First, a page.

I’ve been thinking a lot lately about silence. It’s been in the forefront of my thoughts since a friend of mine posted an article on Lifehack about new research detailing the health benefits of silence on mice (and in theory, humans). But in truth I think this subject had been swirling around inside my head well before stumbling upon this bit of news.
Silence is a popular subject of study in my field. In many fields, really. Musicologist Ellen Harris has written extensively about the “sublime nature” of Handel’s strategic use of silence, particularly in the famed “Hallelujia Chorus” of his Messiah. A 2009 article (and later chapter) by Anne Danielsen and Arnt Massø turned its focus toward the popular realm, using Madonna’s “Don’t Tell Me” to examine how the switch to digital media can also signal a switch to new aesthetic landscapes of silence in music. [Review of recent works on the concept of silence in music, predominantly, but also film. Silence as a conscious tool vs. silence as a requirement (deafness)] Ben Brinner at Berkeley chose yet another path in his article from 1989, where he floats the idea of certain sounds as signifiers or carriers of silence. Here, the phenomenon of pathetan in Javanese gamelan inhabits neither the realm of sound nor that of silence, but negotiates a gray area in-between the two. Elizabeth Hellmuth Margulis approached this part of the spectrum from the other direction in 2007, examining those moments when silence is, in fact, musical. These last two articles are some of my favorites for their engagement with the spectrum of sound and silence, acknowledging a range of middle-ground territory between the two which many people seem either unable or unwilling to acknowledge.
But within any discussion of silence, an important to acknowledge the difference between studying silence as object and silence as concept: while it is certainly possible for silence to be both object and concept, that is not always the case. Conceptual silence has its own kind of prominence in our everyday lives, especially within academia. Recent articles on the silence surrounding sexual harassment and assault—both within the music we study and the places we study it—is one such example. Persistent and widely-unchallenged silence over issues of racism and other structural inequalities in academia are others.
But as that Lifehack article pointed out, silence isn’t always a bad thing; in fact, silence is helpful in many realms of life. Silence as an object can help us differentiate more finely between different gradations of sound by focusing our attention, allowing us to describe not just the sound of something “crunching” but instead letting us differentiate the sharp crunch of gravel beneath a car tire from the cold crunch of loosely-packed snow beneath a snow boot. Silence as a concept (and also an object) helps the brain reset itself, to approach things from a fresh perspective, even issues that are emotionally or psychologically challenging. My own recent spring break holiday, which featured a great deal of physical and social silence, was an initially-uncomfortable-but-ultimately-essential recess from the constant cognitive noise of academic life.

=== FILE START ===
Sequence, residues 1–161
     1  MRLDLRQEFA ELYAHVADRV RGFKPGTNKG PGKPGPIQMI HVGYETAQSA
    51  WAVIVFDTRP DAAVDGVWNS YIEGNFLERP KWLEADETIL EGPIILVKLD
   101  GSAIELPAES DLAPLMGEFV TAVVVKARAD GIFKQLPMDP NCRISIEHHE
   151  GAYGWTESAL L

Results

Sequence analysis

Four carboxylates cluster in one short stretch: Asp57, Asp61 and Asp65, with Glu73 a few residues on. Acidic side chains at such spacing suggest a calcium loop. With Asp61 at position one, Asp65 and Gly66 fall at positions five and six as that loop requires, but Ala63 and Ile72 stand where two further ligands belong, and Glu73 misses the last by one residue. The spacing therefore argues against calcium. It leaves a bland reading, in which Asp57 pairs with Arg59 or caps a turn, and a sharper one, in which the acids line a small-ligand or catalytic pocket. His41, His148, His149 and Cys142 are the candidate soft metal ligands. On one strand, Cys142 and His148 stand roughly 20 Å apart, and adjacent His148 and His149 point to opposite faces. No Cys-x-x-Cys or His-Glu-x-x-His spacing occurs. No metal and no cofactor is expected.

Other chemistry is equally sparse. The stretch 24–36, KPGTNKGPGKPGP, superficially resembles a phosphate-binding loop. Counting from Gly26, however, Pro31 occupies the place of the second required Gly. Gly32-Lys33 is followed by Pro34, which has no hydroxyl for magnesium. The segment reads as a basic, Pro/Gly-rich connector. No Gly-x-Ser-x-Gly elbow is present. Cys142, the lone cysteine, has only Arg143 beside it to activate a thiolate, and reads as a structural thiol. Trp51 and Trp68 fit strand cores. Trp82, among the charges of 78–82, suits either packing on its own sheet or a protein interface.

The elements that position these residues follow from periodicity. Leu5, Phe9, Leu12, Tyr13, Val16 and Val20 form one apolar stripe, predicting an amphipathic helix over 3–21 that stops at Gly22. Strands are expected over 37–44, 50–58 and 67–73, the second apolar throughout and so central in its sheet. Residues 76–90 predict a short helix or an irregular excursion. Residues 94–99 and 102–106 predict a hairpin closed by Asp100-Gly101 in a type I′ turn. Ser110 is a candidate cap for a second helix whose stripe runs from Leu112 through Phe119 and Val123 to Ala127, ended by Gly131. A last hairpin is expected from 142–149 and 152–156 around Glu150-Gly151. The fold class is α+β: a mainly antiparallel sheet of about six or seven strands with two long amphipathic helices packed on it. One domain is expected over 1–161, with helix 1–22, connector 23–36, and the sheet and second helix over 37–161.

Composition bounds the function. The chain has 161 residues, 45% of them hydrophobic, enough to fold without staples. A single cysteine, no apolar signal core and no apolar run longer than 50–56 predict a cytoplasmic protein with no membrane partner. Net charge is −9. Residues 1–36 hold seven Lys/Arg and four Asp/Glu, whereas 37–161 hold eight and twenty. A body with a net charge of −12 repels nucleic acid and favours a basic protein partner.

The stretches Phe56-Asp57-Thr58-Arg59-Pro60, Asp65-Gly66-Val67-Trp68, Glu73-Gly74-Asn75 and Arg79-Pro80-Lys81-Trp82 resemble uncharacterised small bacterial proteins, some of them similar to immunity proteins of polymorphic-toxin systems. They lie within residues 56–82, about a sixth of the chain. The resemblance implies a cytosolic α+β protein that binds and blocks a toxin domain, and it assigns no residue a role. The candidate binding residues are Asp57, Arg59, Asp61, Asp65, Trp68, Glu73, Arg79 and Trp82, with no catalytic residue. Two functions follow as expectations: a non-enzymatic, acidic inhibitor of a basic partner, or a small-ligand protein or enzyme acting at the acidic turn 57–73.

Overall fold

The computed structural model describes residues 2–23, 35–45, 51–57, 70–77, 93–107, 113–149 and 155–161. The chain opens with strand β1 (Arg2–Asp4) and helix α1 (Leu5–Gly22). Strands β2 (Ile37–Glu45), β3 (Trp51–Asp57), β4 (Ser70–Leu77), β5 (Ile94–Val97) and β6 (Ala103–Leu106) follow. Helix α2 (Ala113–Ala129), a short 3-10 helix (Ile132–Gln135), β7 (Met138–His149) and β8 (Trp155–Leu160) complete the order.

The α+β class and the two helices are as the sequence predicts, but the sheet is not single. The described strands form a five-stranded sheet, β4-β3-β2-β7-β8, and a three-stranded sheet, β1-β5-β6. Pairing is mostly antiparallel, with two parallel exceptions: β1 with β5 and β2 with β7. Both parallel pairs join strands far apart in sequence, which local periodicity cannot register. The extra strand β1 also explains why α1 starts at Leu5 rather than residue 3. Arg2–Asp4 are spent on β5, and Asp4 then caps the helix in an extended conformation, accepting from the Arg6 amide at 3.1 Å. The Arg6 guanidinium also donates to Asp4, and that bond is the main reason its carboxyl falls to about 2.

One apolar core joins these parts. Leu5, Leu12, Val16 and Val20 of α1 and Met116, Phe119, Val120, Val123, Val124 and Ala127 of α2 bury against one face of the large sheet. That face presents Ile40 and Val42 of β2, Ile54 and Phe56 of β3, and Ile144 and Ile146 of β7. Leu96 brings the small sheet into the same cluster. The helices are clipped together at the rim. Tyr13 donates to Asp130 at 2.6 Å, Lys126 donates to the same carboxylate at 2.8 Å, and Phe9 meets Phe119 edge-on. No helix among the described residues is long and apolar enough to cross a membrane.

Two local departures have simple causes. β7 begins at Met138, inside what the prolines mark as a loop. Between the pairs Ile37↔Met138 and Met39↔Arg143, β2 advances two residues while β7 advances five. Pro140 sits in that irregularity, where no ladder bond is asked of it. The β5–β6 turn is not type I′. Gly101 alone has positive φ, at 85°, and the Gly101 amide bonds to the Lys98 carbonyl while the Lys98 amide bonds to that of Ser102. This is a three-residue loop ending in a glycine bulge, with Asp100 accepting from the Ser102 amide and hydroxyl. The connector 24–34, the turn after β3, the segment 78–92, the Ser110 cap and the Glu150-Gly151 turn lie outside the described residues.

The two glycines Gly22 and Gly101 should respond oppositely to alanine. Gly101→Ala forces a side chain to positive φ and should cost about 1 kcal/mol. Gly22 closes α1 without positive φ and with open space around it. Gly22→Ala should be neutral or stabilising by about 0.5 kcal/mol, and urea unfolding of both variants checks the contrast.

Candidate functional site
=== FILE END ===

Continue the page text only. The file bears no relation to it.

What all of these studies share is an awareness on the part of authors that, in some sense, silence (of conceptual or material varieties) must through its very existence be a sound of its own. Silence is always contextualized by the absence of sound, and is thus constructed by it. As creatures who rely on sounds to navigate our lives, the silences we experience will always be filled in with our awareness of the silence, and what it might mean.
While this idea might seem to fit better for the understanding of sound as concept, it also holds weight for sound as object. After all, is it ever actually possible for a hearing-capable human to experience true silence in our day-to-day lives? And if it were possible, would we find it as peaceful and healthy as that article shared by my friend claimed it could be?
There are a lot of unanswered questions caught up in this line of thinking, in no small part because so much of human philosophy is devoted to the question of silence. But what I keep coming back to is a realization that, while perhaps falling into the category of overbearing faux-depth, is actually quite simple: there really is no such thing as true, objective silence. Or if there is, it’s not something we can experience—the very act of thinking about silence destroys it.
Now, given the common thinking that hearing is the last sense to go when we die, I suppose experiencing silence is theoretically possible through the medium of death. But since, at the end of the day, none of us know for certain what happens after that, I think I’ll keep my thoughts focused on this powerful and pervasive thing we label silence (even though it isn’t) and how we might ultimately find a better name for a phenomenon that has such a profound and far-reaching effect on both our music and our lives.
And in the naked light I saw
Ten thousand people, maybe more
People talking without speaking
People hearing without listening
People writing songs
That voices never share
And no one dare
Disturb the sound of silence